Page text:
At 29, illness shattered my dreams. And I wasn’t the sick one

This first-person chronicle is the experience of Calgary-based Jason Miller. For more information on CBC’s First Person Stories, please see the FAQs.

Standing in a long line for the Peter Lougheed Emergency Room triage office in Calgary, my thoughts race. I scroll my phone for distraction and take a deep breath.

That’s what I do; it is practical. It’s weird being good at something like navigating a hospital emergency room. But that’s my reality.

When it’s my turn, I say, “Hello. I’m looking for my wife, Jennifer. She was brought here by ambulance.

At the start of our medical journey, I was a “young caregiver”. I am now 45 years old and already have 16 years of experience providing care to my wife.

That means 16 years of sitting at a hospital bedside, bearing witness to her pain, stressing over treatment options, and grieving our two now impossible dreams.

And there is a lot of mourning. Because nothing prepares you for this strange role — when you’re not the one who’s sick but your life changes all the same.

Our love story began over 20 years ago in the summer of 1999. We were young and carefree, working summer jobs at the Port of Vancouver and I fell in love with an attractive, intelligent and full of confidence.

Jennifer moved to the east coast for college and we dated long distance. Eventually, we settled down together in Vancouver and then decided to try our luck in Calgary. We both had dreams. We were in our late twenties, thrilled to be in booming Calgary. We wanted to start a family and find work in our fields; mine was maps and geography, his was history.

But Jennifer’s treatments took over our lives.

It was September 2006, just two months before our wedding, when she called me at work. He was diagnosed with a pulmonary embolism caused by a blood clot in his lung. But with treatment, Jennifer improved enough that we got married, bought a condo, and thought those health issues would soon be resolved.

Jason Miller, left, and his wife, Jennifer Anderson, celebrate their engagement in 2006. It was around the time she started falling ill. (Submitted by Jason Miller)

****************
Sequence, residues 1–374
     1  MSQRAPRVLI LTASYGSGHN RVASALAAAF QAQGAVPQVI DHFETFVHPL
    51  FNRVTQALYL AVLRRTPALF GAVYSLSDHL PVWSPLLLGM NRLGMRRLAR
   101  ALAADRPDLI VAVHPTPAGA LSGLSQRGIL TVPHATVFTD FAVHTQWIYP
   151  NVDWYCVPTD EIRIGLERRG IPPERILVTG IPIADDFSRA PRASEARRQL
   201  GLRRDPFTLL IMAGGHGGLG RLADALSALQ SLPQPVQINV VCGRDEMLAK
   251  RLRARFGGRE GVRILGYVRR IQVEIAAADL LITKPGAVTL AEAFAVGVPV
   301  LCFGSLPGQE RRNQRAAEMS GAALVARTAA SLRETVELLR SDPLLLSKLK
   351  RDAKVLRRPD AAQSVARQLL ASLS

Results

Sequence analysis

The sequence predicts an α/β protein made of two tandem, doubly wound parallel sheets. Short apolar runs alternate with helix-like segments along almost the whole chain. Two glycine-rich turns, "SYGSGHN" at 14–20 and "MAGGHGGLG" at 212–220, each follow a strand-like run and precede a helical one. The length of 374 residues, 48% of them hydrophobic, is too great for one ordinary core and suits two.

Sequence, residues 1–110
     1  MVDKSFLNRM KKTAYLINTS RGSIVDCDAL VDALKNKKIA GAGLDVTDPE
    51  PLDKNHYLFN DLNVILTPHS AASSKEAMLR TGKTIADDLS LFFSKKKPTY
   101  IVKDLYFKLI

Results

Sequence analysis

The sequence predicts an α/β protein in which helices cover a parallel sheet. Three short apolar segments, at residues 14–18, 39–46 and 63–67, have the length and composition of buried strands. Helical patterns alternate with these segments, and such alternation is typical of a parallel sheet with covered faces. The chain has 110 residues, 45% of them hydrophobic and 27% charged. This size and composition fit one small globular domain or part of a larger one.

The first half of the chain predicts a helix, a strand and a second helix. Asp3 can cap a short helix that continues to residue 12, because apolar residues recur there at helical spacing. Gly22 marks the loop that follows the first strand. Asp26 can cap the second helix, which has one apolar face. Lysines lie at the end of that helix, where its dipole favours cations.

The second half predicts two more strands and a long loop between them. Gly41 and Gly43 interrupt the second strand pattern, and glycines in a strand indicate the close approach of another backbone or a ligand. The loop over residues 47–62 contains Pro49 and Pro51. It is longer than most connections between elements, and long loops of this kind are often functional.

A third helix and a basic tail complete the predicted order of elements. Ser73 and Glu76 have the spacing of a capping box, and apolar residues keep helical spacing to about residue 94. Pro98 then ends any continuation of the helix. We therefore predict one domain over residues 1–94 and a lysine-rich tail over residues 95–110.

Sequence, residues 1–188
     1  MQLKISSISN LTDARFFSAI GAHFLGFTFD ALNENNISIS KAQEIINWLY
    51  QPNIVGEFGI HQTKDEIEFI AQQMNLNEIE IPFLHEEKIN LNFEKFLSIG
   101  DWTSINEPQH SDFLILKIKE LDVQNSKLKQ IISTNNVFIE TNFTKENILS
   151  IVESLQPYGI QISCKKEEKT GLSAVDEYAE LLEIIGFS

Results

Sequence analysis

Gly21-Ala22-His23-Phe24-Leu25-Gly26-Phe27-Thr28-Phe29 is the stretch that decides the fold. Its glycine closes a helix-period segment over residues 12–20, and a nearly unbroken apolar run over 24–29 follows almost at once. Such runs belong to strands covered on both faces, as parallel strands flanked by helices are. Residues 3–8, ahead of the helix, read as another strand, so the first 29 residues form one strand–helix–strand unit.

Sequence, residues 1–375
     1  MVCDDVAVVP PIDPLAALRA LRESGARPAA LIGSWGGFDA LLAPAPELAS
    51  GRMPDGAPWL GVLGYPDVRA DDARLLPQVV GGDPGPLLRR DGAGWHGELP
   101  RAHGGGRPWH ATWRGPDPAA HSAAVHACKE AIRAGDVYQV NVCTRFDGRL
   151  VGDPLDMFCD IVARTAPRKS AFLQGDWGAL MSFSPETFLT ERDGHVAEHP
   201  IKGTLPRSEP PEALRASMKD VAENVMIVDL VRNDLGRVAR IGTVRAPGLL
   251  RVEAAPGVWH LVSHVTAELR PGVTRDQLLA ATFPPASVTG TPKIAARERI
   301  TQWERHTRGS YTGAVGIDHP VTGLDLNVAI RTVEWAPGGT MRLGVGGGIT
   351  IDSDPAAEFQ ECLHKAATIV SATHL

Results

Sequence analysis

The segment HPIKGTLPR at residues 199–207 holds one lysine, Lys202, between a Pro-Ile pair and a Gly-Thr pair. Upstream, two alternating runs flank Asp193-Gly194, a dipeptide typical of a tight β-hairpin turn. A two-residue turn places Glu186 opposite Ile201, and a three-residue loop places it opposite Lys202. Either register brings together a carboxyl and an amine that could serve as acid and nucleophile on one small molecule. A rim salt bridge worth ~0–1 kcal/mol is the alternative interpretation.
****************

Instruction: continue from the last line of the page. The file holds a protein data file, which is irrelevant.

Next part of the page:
They weren’t. Soon she was having trouble breathing and needed 24-hour oxygen. To remove the blood clots, Jennifer underwent a pulmonary thromboendarterectomy in March 2007. Two years later, she needed a double lung transplant , then in 2021, she developed lymphoma, a cancer of the lymph nodes.

Jennifer struggled with her illness but did not feel sorry for herself; she kept looking forward.

I tried to do the same but kept my emotions pent up. It was easier to keep everything and pretend everything was fine. I built a story according to my needs and my perception of reality. When my story was challenged, I got angry. I was mad at everyone: Jen, friends, family, everyone was in good spirits.

I thought about leaving. Was I strong enough for this?-Jason Miller

I thought about leaving her. Was I strong enough for this? But I don’t think I could respect myself if I picked up the phone and said I was done. And more importantly, I still deeply loved my wife.

For a long time, I let the storm rage and build inside me.

I found it difficult to ask for help, seeing it as a sign of weakness or failure. When my friends and family asked me how I was doing, I said “I’m fine under the circumstances”, I joked and I changed the subject.

In terms of professional support, resources to support young caregivers are limited. Most are set up for seniors caring for aging spouses.

A man, a woman and two dogs are sitting in a Christmas sleigh.  A man dressed as Santa Claus stands next to the sleigh.
Jason Miller, center, and his wife, Jennifer Anderson, enjoy a moment of respite from their illness which they have had to learn to manage. (Submitted by Jason Miller)

In a support group for spouses of patients with complex medical needs, there was me (then 30) and three women in their 60s. I struggled to share what was on my mind – the missed opportunity to have a family and the challenges of intimacy – with people my grandmother’s age.

But it’s like a quote I found attributed to Buddha: “Don’t try to calm the storm. Calm down. The storm will pass.

Eventually I realized that I had to accept that Jennifer’s illness would always dominate our life together and I needed help to stop battling the storm.

I found a mental health support group separate from Jennifer’s medical team. I relied on friends and family who stayed with me. And slowly, I learned to be compassionate with myself and set aside time to do things on my own, like exercise and meditation.

I now understand that accepting help is a sign of strength, not weakness. And Jennifer and I consult regularly; we talk about what makes us anxious.

All things considered, it’s hard to believe it’s been 16 years.

We never had children and I still don’t have a job in my field. But I’m proud of where I am now. I’m proud of myself for staying on this journey. I make mistakes, but I also give myself a break.

As for Jennifer, her storm is also calm at the moment. She is in remission from her lymphoma and 13 years after the transplant. The sky is blue. And we continue to laugh in difficult situations, enjoying life as it comes, good or bad.


Tell your story

CBC Calgary is hosting a series of in-person writing workshops across the city to help community members tell their own stories.

Learn more about the workshop organized by the Genesis Centre:

To learn more about our writing workshops or to suggest a community organization to help facilitate, email CBC producer Elise Stolte or visit cbc.ca/albertastories.

About Bradley J. Bridges

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